BMW has responded to customer feedback and engineered the engine noise of the new M3 Saloon and M4 Coupe to be as ‘real’ as possible.
“The engine note in the cabin is largely pure,” said BMW M head of project management Carston Pries at the international launch of the new M3 and M4. “The electronic noise is minimised and only makes up 2% to 3% of the sound you hear.”
Critically, there will also be no artificial sound generation – the electronic noise (which BMW calls Active Sound) will instead simply be a real-time amplification of induction noises actually produced by the engine.
Instead of relying on electronic overlays for the audio fireworks, BMW M has engineered in ‘pure’ noise from the exhaust instead – and it’s the addition of two actuators on each of the twin tailpipe sets that’s responsible for most of this.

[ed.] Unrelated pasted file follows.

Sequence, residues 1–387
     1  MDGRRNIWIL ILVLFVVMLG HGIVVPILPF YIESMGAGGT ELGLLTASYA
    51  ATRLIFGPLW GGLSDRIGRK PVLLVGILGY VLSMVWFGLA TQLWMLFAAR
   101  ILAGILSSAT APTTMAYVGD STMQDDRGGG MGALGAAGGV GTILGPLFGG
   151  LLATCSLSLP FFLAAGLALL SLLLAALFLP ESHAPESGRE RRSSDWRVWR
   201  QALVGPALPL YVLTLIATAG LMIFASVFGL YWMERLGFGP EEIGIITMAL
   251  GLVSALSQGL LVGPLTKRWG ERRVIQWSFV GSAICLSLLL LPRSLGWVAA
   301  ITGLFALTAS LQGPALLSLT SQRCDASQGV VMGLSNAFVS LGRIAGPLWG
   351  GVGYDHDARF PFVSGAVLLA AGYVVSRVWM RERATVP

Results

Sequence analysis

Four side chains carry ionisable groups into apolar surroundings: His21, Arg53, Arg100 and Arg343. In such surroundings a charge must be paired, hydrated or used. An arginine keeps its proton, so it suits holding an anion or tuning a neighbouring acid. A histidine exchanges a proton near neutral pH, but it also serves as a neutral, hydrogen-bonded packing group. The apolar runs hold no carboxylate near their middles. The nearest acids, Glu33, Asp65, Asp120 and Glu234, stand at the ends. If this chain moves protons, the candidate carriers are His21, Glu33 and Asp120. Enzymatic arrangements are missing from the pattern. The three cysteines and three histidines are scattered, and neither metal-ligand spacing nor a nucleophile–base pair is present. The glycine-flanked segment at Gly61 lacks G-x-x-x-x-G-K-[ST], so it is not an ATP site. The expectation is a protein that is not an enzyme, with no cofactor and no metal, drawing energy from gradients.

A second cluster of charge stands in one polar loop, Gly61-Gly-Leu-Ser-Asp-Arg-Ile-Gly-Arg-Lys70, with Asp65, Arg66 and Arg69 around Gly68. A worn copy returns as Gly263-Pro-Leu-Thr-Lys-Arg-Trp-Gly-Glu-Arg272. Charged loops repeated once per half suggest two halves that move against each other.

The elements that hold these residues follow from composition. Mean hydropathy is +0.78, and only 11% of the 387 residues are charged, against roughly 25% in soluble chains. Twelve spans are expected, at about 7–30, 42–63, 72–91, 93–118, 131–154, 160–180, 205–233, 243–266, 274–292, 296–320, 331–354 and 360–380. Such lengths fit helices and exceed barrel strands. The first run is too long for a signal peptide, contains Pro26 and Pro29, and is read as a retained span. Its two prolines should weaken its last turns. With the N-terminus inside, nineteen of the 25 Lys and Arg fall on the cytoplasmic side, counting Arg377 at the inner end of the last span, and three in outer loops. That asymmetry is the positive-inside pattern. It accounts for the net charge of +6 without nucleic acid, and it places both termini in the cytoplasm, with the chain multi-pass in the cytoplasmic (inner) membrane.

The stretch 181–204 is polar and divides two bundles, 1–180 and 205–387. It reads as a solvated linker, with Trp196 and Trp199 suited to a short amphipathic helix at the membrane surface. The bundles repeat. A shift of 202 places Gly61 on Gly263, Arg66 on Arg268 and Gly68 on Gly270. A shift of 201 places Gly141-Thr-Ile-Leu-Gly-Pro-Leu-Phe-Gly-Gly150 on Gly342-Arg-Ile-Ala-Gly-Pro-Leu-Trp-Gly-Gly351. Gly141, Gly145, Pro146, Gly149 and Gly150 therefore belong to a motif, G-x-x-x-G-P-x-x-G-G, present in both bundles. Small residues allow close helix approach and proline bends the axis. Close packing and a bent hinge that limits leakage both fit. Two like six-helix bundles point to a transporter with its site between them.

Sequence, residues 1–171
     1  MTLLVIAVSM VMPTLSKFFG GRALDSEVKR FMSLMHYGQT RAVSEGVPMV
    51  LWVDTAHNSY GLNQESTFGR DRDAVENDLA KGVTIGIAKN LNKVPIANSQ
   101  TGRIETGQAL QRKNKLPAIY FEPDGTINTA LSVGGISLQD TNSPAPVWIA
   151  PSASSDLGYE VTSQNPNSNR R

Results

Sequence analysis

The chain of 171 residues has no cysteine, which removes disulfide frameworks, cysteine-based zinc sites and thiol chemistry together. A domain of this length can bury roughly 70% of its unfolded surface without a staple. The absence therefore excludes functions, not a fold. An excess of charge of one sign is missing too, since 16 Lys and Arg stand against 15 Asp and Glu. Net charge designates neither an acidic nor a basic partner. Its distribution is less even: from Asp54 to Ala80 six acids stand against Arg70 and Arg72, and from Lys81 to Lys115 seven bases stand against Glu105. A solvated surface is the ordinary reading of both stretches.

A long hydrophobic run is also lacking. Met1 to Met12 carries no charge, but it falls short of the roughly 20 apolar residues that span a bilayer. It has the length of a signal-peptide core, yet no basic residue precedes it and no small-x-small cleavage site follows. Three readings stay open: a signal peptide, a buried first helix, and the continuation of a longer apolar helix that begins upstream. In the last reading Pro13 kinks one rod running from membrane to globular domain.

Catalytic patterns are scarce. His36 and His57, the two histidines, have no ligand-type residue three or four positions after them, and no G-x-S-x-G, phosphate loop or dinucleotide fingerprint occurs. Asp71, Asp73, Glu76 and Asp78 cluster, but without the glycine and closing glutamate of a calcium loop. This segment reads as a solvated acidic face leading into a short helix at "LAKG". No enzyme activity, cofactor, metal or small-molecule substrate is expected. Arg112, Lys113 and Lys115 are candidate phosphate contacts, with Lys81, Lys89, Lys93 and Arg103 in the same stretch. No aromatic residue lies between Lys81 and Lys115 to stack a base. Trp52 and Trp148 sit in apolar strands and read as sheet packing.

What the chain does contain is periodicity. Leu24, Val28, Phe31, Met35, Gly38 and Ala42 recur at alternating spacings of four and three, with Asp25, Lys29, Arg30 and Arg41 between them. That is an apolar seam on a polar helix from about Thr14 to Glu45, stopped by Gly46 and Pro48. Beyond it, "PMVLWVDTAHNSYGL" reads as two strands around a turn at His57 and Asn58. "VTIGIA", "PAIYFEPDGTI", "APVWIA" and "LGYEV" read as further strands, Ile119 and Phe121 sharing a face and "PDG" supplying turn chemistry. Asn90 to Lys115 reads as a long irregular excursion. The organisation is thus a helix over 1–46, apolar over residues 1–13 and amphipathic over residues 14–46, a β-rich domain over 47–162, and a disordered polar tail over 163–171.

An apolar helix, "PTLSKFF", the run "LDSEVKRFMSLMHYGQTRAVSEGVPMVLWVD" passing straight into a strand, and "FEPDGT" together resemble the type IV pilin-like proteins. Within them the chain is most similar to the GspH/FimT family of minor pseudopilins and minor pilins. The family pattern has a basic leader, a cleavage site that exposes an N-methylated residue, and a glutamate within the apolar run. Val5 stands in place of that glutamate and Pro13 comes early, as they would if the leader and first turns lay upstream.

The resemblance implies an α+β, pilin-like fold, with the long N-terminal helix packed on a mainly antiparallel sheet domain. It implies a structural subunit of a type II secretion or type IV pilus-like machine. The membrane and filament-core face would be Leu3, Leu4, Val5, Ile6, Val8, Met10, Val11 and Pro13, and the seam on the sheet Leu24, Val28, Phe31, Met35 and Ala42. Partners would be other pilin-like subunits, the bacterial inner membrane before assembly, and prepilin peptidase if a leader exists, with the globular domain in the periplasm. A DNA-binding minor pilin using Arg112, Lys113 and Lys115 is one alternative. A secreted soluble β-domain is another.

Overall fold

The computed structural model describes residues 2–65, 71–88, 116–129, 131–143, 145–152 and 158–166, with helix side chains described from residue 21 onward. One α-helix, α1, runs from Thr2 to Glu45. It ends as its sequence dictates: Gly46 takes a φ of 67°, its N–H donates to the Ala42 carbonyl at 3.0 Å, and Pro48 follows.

When activated, these bypass the rear silencer, making the back box almost completely straight-through. “They are active whenever the car is in Sport or Sport Plus mode, or when the revs are above 4,000rpm.”
Active Sound: sour note for enthusiasts
BMW Active Sound was a controversial addition to the M5. BMW says “it delivers an accurate reproduction of the engine’s sound through the car’s audio system’, and includes artificial sound generation.
Enthusiasts didn’t respond positively to the artificial layer, hence BMW’s new strategy with the M3 and M4.
We can report the results of the latest Active Sound approach are impressive, particularly at high revs, with a rawness lacking in the BMW M5. It minutely varies in intensity and pitch according to engine load and accelerator position – a level of detail lacking in the M5’s Active Sound system, and a key reason why it’s now so convincing. Critically, many will never guess it’s electronically assisted…
Question is, will enthusiasts like it – and will BMW now follow this strategy in the M5 too?